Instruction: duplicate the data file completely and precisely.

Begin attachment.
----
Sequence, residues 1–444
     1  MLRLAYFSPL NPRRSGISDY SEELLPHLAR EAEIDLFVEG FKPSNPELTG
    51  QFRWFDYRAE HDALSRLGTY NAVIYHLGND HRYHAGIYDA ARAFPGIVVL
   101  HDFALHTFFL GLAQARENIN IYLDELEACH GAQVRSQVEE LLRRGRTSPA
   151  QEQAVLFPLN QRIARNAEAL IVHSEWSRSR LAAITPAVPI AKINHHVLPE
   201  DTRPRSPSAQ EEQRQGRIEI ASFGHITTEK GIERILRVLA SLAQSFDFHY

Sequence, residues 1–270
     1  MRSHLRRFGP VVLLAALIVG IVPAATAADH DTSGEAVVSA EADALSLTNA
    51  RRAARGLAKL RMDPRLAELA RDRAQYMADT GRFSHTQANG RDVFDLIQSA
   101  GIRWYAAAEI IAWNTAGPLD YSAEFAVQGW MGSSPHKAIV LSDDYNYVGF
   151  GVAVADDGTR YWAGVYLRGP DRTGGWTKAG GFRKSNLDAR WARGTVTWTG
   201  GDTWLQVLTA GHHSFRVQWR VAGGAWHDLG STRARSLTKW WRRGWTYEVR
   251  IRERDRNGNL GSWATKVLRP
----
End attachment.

Sequence, residues 1–444
     1  MLRLAYFSPL NPRRSGISDY SEELLPHLAR EAEIDLFVEG FKPSNPELTG
    51  QFRWFDYRAE HDALSRLGTY NAVIYHLGND HRYHAGIYDA ARAFPGIVVL
   101  HDFALHTFFL GLAQARENIN IYLDELEACH GAQVRSQVEE LLRRGRTSPA
   151  QEQAVLFPLN QRIARNAEAL IVHSEWSRSR LAAITPAVPI AKINHHVLPE
   201  DTRPRSPSAQ EEQRQGRIEI ASFGHITTEK GIERILRVLA SLAQSFDFHY

Sequence, residues 1–270
     1  MRSHLRRFGP VVLLAALIVG IVPAATAADH DTSGEAVVSA EADALSLTNA
    51  RRAARGLAKL RMDPRLAELA RDRAQYMADT GRFSHTQANG RDVFDLIQSA
   101  GIRWYAAAEI IAWNTAGPLD YSAEFAVQGW MGSSPHKAIV LSDDYNYVGF
   151  GVAVADDGTR YWAGVYLRGP DRTGGWTKAG GFRKSNLDAR WARGTVTWTG
   201  GDTWLQVLTA GHHSFRVQWR VAGGAWHDLG STRARSLTKW WRRGWTYEVR
   251  IRERDRNGNL GSWATKVLRP